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Pentagon Wants to Spend $42M Tracking Memes, Spamming Social Networks

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While Americans use social networks to spread Rebecca Black videos,oppressed denizens of the Middle East are taking to Facebook and Twitter to overthrow their governments.

The Pentagon would like to sift through those networks for some advance notice before the next Egyptian Revolution erupts, or an angry mob storms a US embassy. So it's offering $42 million to anyone who can build it a global security meme-tracker, the New York Times reports.

Why the huge price tag? Because an Urdu-speaking BuzzFeed isn't gonna cut it. The winning developer will have to use tools like “linguistic cues, patterns of information flow, topic trend analysis, sentiment detection and opinion mining” to sort real sentiments from the insurgent equivalent of astroturf marketing – for example, “whether signs of widespread rebellion were authentic or whether they were being created by a fringe group with little real support,” as the Times puts it.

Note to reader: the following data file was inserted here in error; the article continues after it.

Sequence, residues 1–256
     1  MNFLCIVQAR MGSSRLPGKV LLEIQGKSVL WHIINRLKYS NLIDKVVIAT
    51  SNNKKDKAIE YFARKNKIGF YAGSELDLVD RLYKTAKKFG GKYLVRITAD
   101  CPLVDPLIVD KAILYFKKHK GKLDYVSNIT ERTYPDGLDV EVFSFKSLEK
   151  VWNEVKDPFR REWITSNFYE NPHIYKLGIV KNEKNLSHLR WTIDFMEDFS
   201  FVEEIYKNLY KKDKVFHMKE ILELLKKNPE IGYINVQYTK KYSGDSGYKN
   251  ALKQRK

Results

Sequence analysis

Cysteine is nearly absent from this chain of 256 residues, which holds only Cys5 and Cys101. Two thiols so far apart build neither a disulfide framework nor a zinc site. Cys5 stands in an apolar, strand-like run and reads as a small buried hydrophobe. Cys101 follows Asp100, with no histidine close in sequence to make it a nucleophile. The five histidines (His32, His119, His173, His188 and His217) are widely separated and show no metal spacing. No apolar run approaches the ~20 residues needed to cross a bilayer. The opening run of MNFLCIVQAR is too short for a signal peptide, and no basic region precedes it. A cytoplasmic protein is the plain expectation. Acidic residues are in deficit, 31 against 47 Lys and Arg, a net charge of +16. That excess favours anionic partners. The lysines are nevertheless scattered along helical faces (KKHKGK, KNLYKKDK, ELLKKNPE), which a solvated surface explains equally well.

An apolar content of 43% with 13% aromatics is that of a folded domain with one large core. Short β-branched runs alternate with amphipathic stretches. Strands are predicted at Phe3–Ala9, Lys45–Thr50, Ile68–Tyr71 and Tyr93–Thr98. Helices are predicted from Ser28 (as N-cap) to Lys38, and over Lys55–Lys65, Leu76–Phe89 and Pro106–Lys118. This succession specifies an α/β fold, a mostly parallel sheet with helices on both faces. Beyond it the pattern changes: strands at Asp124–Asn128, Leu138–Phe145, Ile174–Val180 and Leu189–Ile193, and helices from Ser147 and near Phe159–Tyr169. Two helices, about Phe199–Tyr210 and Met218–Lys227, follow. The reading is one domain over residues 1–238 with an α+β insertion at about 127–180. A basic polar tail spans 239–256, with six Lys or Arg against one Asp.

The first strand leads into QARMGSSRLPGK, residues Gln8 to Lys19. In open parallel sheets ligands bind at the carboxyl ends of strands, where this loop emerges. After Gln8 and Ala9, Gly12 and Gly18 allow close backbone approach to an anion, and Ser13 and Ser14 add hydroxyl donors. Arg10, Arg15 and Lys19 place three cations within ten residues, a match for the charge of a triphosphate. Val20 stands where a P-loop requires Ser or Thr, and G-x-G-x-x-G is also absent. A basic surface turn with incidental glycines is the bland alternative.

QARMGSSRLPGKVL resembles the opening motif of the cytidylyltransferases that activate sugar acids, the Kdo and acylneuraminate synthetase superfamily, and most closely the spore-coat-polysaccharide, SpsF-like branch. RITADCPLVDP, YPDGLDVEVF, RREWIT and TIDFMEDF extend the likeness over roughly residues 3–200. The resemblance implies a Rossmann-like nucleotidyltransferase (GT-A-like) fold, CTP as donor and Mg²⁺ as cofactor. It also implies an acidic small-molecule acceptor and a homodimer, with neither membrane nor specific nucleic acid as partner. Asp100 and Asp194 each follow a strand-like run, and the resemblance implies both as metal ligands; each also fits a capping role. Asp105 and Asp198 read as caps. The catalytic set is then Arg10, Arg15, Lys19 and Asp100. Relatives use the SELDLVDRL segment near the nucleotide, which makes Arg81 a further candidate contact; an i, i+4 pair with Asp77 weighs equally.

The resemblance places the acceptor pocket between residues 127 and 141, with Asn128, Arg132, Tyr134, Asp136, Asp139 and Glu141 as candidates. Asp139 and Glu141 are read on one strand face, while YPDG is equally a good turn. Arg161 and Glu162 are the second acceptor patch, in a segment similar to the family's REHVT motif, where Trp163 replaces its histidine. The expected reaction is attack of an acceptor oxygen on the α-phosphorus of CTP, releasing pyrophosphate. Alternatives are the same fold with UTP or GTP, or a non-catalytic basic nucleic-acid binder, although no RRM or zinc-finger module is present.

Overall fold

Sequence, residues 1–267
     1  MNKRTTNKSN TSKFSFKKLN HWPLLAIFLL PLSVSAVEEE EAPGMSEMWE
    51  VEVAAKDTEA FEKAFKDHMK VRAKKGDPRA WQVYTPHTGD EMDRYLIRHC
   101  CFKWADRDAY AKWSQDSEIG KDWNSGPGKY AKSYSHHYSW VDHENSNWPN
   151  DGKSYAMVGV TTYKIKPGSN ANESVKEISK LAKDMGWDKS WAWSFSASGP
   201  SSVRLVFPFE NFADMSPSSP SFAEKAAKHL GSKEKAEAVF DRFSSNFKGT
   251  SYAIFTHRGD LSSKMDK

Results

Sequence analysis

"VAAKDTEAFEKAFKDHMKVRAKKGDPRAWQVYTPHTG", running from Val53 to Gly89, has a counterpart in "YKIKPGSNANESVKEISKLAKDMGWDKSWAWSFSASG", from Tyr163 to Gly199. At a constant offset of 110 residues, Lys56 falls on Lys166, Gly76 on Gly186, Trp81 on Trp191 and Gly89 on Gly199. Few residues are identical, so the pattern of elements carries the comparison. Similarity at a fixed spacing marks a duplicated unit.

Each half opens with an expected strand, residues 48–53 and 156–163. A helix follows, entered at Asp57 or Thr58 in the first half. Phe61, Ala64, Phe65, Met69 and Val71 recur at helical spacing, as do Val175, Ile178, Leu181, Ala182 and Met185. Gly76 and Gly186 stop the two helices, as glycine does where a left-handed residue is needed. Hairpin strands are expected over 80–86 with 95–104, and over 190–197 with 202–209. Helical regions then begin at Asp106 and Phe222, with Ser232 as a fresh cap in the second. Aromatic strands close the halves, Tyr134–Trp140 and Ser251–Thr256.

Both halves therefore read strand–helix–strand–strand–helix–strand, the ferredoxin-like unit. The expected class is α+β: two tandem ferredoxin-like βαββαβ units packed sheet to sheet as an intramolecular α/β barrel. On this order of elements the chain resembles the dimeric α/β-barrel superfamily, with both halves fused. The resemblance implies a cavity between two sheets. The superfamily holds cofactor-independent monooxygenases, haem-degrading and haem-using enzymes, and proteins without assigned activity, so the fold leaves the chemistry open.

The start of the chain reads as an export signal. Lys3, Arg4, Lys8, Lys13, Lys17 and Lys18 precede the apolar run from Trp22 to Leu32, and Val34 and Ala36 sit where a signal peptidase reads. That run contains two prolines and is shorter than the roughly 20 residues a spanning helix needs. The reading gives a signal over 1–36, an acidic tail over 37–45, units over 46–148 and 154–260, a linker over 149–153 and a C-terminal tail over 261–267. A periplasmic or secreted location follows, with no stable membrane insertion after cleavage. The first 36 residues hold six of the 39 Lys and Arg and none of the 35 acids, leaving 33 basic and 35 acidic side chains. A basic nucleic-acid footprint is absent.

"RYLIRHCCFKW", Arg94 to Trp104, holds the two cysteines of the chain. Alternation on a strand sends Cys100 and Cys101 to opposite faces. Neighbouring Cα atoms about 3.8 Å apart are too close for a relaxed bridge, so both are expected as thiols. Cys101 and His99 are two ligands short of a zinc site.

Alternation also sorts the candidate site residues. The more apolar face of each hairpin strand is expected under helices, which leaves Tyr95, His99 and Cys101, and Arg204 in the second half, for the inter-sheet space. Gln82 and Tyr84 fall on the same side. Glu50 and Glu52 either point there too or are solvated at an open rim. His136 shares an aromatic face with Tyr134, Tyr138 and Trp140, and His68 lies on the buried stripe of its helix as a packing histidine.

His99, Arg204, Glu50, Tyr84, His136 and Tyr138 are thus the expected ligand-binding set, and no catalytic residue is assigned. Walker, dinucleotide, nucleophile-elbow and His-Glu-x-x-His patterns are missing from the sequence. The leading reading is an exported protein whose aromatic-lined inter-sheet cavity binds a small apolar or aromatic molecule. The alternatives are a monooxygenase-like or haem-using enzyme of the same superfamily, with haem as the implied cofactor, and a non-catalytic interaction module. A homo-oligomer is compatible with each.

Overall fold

If we're going to gather foreign intelligence by tracking Twitter hashtags, it's probably best to make sure we don't get tricked by seditious spammers. But here's the troubling part: The Pentagon also proposes to further blur the line between truth and fiction on the Web, fighting spam with more propagandistic spam – sorry, “countermessaging.”

From the Times:

A successful program would influence attitudes through methods including automatically generating content, formerly known as spam, and “inducing identities,” which might be whipping up fake combatants.

So our military will be propping up future Hamid Karzais, and undermining adversaries, with a more advanced version of the services that (allegedly) goosed Newt Gingrich's Twitter follower count. We've seen the future of cyberwarfare, and it is spammy.

Also see: 10 Cybersecurity Stocks For the Coming Cyber Wars
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